(This blog tells my family's story. To see more, click "blog" at the top of this webpage.)
As Beth’s second year of college began, I helped her move into Pforzheimer House in the Quad where she’d live for the next three years. The irony of a quad (quadriplegic) living in the Quad did not escape us. My trek to the basement storage room to uncover her belongings proved dangerous. A few months before, I could reach everything in the room. Since then, students packed the entire room to the ceiling. I climbed shaky heaps and shifted furniture. A student helped me grab the heavy lift chair off the floor and over more piles. I was lucky to recover Beth’s things undamaged.
In her second floor dorm room, I hung Maria’s sunflower quilt on the wall from an old-fashioned picture rail molding. I stocked Beth’s mini fridge and bought boxes of Cheez-its. She shared a three bedroom, one bath suite with two quiet friends, both future doctors with pre-med majors. They studied most of the time, like she did.
I slept on her futon for two nights until a sad drive transported me away from Beth. I should have been grateful that she no longer needed me close by, but the separation hurt. If I lived alone near Harvard for another school year and worked three jobs, sharing a dingy apartment would not be fun.
Even so, I wished I could be in two places at once.
With no assistant or mom down the street, Beth selected biology as her major, a concentration in Harvard-speak, and spent part of her days in the science labs with ongoing physical challenges with the equipment. She usually chose to wheel the mile to and from her labs and classes. She led conference calls for the National Youth Leadership Network, in addition to mentoring. Every Friday, she rode the subway into Boston.
“I directed a volunteer program that mentored students in special education classrooms in Boston Public,” Beth said. She also expanded the program to a second school. “We visited classrooms every Friday and took the students on field trips.”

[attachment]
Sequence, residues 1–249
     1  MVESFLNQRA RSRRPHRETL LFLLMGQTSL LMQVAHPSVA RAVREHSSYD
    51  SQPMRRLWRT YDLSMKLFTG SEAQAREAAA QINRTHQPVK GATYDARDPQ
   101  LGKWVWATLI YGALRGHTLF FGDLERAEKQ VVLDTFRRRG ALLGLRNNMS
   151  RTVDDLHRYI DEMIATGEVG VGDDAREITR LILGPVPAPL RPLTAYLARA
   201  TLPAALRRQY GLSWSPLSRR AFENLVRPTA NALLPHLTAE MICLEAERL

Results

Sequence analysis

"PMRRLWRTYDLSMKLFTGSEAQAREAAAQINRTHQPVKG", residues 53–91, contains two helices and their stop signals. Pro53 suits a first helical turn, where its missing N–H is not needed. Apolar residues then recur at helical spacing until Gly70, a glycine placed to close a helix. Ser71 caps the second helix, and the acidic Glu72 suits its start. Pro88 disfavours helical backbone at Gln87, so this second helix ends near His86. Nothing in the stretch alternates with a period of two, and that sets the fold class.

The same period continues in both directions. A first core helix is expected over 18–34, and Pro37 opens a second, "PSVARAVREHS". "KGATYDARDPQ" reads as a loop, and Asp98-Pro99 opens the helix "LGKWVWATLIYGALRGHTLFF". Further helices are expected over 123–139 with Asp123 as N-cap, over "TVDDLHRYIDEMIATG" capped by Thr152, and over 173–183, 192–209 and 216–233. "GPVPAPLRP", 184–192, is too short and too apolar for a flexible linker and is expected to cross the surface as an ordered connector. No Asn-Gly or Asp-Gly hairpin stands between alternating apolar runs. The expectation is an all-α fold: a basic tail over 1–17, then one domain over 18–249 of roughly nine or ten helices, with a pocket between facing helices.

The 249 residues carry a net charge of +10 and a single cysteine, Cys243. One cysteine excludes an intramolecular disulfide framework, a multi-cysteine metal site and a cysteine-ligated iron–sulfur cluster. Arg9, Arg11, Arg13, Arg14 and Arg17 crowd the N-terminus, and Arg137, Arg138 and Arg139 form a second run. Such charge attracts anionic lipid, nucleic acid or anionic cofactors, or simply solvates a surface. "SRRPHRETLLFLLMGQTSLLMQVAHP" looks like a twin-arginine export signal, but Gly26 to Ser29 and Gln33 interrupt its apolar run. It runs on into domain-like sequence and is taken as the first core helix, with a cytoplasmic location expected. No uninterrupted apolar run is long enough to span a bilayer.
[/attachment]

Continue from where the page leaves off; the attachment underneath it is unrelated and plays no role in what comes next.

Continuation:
Beth depended on the early morning shuttle to get to swim practice, with over two miles between her dorm and the pool. She operated the pool’s chair lift independently to get in and out of the water. It was her first year on the roster of the Harvard Women's Swimming and Diving team. She entered the locked varsity locker room by pressing numbers on a keypad. Easy, compared to handling the heavy doors of the building. She found signs and little gifts at her assigned locker from her secret sis. One morning, she had a new adhesive hook near her locker for her towel, since she couldn’t reach the high hooks. She no longer had to leave her towel at the bottom of her locker. Strong team bonds formed a community that depended on each other.
“I made amazing friendships,” Beth said.
She joined the rest of the team for scheduled workouts in a weight room. She knew what to do. Coach Peggy had created a personalized workout for her on laminated flip cards. Beth figured out how to hold traditional weights with uncooperative hands, and used stretch cords with loops for handles and heavy medicine balls. The team often swam after the weight room. Nothing if not persistent, Beth put on and positioned her swim cap, by herself.
. . . After three years of trying and failing to achieve the task.
A mom with a story
to share about injuries that never heal and fortunate accidents. About guilt, disability, perspectives, and unexpected adventure.